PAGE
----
Question: How does a lobbyist sleep?
Answer: First he lies on one side and then he lies out the other.
OK, so everyone knows there’s no shortage of lobbyist jokes out there.
And now that a lobbying firm has been hired by a group of locals that includes the Colorado Springs Chamber of Commerce, I guess we’ll be hearing more from them.
Earlier this week, I was invited, along with about 100 or so businesspeople and others, to hear from one of the partners of the firm, David Castagnetti.
The gasp from the crowd was audible when Castagnetti revealed he was a Democrat.
It was a good thing he was joined by one of his firm’s principals, Elise Finley Pickering, who quickly identified herself as a Republican.
The firm, Castagnetti said, is bipartisan, with partners from both sides of the aisle. That’s an approach that works, he said, because it gives the firm access to lawmakers of all stripes.
Castagnetti worked for John Kerry during Kerry’s bid for the presidency. Pickering — who will be one of two lobbyists at the firm working most closely with area interests — was at one time the staff director for the Republican Policy Committee. She also was the congressional liaison to the Bush-Cheney campaign in 2004 for all the Republicans in the House.
Her credentials and Castagnetti’s response seemed to placate the crowd, and a brief question-and-answer session resumed without incident.
What no one asked is the fundamental yet critical question of how we’ll know whether these lobbyists are succeeding.
What bacon will they help bring home? What special projects (don’t call them earmarks!) will they help us land? What are the desired results? And what measures should we use to understand whether the resources expended are yielding the right results?
The consortium of local governments, private associations and businesses that have joined together to hire Mehlman Vogel Castagnetti is called the Coalition for Strategic Federal Action.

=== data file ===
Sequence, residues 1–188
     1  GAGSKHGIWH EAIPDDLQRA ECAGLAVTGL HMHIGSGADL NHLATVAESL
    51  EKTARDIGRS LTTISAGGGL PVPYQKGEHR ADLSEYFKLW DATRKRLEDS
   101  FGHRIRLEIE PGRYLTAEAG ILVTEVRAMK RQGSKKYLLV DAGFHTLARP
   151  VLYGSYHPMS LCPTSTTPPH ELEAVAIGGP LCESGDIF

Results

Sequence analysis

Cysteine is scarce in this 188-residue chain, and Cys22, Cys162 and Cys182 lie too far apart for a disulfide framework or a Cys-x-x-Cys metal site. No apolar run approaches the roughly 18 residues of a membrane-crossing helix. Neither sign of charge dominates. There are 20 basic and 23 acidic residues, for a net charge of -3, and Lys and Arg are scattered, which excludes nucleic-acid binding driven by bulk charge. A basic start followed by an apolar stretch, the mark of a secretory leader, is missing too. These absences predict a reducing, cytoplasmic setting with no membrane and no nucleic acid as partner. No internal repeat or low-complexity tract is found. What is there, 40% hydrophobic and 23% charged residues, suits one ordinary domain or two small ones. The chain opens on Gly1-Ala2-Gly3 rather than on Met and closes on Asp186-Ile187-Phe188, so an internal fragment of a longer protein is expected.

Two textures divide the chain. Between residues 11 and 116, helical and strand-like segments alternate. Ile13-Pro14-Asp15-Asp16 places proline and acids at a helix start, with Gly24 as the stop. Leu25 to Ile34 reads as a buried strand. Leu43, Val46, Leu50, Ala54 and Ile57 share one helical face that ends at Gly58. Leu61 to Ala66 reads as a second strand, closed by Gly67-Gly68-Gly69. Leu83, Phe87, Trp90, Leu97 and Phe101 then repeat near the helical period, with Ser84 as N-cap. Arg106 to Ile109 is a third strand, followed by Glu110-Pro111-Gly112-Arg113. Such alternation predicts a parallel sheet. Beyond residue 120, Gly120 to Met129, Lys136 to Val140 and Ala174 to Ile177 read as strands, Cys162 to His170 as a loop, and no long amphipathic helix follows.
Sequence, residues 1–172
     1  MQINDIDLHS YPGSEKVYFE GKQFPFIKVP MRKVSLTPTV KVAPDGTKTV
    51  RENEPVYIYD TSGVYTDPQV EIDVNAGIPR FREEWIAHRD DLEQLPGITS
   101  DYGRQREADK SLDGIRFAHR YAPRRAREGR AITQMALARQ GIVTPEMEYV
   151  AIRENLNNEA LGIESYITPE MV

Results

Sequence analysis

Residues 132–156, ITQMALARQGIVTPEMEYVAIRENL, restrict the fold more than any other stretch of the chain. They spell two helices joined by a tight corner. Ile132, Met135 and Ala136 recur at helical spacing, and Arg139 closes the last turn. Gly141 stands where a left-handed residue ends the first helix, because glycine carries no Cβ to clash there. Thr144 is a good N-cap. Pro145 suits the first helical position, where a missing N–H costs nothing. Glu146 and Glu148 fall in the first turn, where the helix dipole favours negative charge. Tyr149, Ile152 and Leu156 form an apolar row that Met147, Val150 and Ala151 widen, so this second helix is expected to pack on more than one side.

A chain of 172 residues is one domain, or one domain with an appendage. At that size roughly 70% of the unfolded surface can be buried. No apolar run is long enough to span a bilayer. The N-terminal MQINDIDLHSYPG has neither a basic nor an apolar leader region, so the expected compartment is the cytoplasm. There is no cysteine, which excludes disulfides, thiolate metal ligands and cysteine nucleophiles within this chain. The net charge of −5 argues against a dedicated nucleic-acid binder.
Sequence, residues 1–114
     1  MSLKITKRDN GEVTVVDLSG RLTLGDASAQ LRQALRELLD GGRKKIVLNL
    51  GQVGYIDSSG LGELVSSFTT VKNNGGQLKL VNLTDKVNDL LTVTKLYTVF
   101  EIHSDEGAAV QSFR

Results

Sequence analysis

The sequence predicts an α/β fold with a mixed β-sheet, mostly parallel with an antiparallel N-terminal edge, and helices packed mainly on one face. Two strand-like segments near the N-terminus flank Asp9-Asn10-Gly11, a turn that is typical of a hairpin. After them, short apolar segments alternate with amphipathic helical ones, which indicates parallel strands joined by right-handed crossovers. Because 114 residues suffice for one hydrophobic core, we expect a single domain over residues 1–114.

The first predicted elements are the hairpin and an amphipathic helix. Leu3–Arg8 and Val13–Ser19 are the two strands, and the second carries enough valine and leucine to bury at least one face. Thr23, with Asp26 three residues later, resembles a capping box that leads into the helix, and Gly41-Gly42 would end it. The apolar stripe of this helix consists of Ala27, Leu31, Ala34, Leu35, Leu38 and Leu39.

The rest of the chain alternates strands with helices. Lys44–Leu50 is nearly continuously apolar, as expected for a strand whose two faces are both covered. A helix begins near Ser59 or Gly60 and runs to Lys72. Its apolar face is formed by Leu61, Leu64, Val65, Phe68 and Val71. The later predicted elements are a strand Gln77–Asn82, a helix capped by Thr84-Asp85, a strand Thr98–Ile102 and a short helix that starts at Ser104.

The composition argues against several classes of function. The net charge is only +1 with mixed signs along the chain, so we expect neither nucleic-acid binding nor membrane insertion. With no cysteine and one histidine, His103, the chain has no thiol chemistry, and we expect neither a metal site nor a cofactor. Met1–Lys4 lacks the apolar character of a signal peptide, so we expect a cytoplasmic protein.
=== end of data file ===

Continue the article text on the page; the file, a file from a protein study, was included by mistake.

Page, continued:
It includes the Greater Colorado Springs Chamber of Commerce, the Economic Development Corp., the Associated General Contractors of Colorado (representing itself as well as the Colorado Association of Mechanical and Plumbing Contractors), Colorado Springs Utilities, El Paso County, Ent Federal Credit Union, the Pikes Peak Area Council of Governments, the Pikes Peak Association of Realtors, and Gary Erickson’s Northgate Development.
Every member of this coalition of public and private interests committed to contributing $10,000 a year for the next three years. A 10th partner is likely to be added soon and there might be room for more, though I was told probably not too many more.
So, what will $100,000 a year deliver? What kind of results should we expect?
Stephannie Finley, the chamber’s government affairs person, said that question will be resolved in the next few weeks as the coalition sorts through a host of potential priorities.
“We realize there won’t be quick outcomes,” she said. “It’s going to take at least a year.”
Issues relating to the military, transportation and health care are all likely to end up on the priority list.
If there’s one item I’d like to see get some attention it’s the proposal to move a combat aviation brigade to Fort Carson.
This idea already has support from Democratic U.S. Sens. Mark Udall and Michael Bennet and Republican Rep. Doug Lamborn.
Fort Carson has been hoping for more helicopters for some time to help better train troops fighting in Afghanistan.
On Tuesday, Udall, Bennet and Lamborn asked the Army to extend a Dec. 20 deadline for public comment on an environmental impact report on the possibility of locating the aviation brigade here.
Were it to land here, the brigade would bring in 2,700 more soldiers and about 100 helicopters.
The Army has listed three possible options for the additional combat aviation brigades it’s considering:
It could establish two new brigades, with one at Fort Carson and one at Joint Base Lewis-McChord in Washington state;
It could create just one at either Fort Carson or Lewis-McChord;
It could decide not to add any additional combat aviation brigades.
A decision is expected next year. A delay, which the Army agreed to a day after it was sought, could buy Pickering and her colleagues a bit more time to make the case for Fort Carson.
Allen Greenberg is the editor of the Colorado Springs Business Journal. He can be reached at firstname.lastname@example.org or 719-329-5206.